Of all the self-inflicted wounds of this election cycle, it's hard to find any worse than Congressman Jim Moran, who appeared to be demeaning the 24 years of honorable military service of his opponent, Col. Patrick Murray, when he said the following:

"What [Republicans] do is that they find candidates -- usually stealth candidates -- that haven't been in office, haven't served or performed any kind of public service. My opponent is typical."

For a 10-term Congressman to complain that a 24-year military veteran "hasn't performed any kind of public service" is an insult to Col. Murray and to every other American serving in the United States military. Now, that statement alone might have been excused as a slip of the tongue or a misstatement. But then the Congressman went on to say this about Col. Murray:

"And of course, for 24 years, he's taken a government check because, frankly, the military still is part of the Federal government, uh, and, yet, his principle platform is to cut government spending."

Again Moran trivializes military service by implying that our troops are like any other bureaucrats on the federal dole, and thus are hypocritical when they have the audacity to suggest ht we cut federal spending. It's a comment that's frankly so asinine and insulting that no rebuttal is acceptable. But the excuse offered by the Moran campaign was merely more of the same:

“The point Congressman Moran was making is that Northern Virginia is a region that prides itself on local engagement -- serving in the PTA, on local boards, working with non-profits to help those less fortunate and also serving in local elected office.” 

In other words, serving the armed forces in deployments around the world for 24 years does not reach the level of service as working at your PTA. And, of course, it was because of those deployments that Col. Murray was unable to fulfill his duties in “local engagement.”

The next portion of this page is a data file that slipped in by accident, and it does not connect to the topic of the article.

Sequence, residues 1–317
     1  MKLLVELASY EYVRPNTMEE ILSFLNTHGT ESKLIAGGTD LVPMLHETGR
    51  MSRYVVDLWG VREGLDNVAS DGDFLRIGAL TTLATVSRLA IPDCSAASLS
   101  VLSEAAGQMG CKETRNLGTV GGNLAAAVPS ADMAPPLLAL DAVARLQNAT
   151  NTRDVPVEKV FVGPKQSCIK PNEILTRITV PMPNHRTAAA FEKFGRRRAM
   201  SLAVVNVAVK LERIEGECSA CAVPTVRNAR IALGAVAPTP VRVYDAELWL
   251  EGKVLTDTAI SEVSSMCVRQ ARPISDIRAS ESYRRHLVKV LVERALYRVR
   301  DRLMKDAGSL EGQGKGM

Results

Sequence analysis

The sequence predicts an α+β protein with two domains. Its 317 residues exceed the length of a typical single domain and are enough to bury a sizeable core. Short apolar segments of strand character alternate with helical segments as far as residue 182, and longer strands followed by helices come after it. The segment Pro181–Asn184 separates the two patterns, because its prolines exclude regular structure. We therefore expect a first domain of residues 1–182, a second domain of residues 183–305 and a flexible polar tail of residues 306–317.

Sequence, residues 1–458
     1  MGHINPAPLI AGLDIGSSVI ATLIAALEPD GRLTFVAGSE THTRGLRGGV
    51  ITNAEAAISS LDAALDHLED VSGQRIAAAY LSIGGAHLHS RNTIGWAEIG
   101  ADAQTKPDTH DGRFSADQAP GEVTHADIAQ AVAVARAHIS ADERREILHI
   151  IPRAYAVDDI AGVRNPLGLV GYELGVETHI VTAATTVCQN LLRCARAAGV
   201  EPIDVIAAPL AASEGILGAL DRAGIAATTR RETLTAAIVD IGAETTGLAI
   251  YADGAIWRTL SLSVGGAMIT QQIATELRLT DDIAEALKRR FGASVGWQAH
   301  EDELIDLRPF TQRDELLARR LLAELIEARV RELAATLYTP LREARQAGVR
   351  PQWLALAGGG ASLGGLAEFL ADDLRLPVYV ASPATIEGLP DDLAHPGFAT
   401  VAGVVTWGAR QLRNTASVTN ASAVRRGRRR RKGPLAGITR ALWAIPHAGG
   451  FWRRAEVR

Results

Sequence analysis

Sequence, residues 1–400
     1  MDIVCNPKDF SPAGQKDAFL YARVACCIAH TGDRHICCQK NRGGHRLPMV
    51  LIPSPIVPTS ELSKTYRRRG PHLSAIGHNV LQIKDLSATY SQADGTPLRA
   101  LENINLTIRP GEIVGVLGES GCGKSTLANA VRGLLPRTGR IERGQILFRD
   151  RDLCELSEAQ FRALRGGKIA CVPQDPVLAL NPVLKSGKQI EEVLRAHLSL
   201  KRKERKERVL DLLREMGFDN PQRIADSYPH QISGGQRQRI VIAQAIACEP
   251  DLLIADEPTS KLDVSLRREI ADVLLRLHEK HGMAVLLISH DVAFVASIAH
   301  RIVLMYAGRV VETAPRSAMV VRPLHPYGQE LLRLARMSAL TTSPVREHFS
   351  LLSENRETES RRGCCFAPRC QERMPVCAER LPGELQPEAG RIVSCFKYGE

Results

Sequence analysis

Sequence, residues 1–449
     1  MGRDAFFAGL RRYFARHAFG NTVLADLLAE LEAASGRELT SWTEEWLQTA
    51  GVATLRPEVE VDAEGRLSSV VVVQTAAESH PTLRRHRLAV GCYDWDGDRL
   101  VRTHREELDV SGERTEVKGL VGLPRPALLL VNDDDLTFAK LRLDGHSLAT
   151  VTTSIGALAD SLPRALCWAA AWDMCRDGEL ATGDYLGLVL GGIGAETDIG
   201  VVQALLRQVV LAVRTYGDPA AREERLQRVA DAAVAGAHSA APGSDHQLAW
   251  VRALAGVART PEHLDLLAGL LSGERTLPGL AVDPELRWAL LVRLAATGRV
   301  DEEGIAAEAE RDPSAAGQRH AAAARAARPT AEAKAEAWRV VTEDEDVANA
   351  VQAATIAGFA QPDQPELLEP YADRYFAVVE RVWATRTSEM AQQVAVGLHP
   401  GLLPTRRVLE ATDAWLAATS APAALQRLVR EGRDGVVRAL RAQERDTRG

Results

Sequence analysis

The relevance of this attack to the whole election is what it says about those who've been in Congress for too long. Apparently if you've been in Congress for 20 years, you really do begin to think of yourself as above normal mortals, particularly above the check-grabbing grunts in the military. As for Scoreboard... we put the public service of honorable military personnel far above that of politicians.

In the first place, Congressmen don't put their lives on the line. They also don't give up their personal freedoms as you're required to in the military. And our troops know how to take orders. The first thing you learn in the Marine handbook is the chain of command.

Our representatives seem to have forgotten that their chain of command begins with the folks they're supposed to represent. An occasional vote that's at odds with the mood of the constituents is understandable. But to do it as consistently as this Congress has -- on bailouts, stimulus spending, health care and cap and trade -- that's really what's fueling voter discontent.

And while the insult to the military may be the biggest single stumble that Moran makes in this campaign, we suspect that if he is voted out, it will be more because he's gone rogue, abandoning the true interests of his constituents.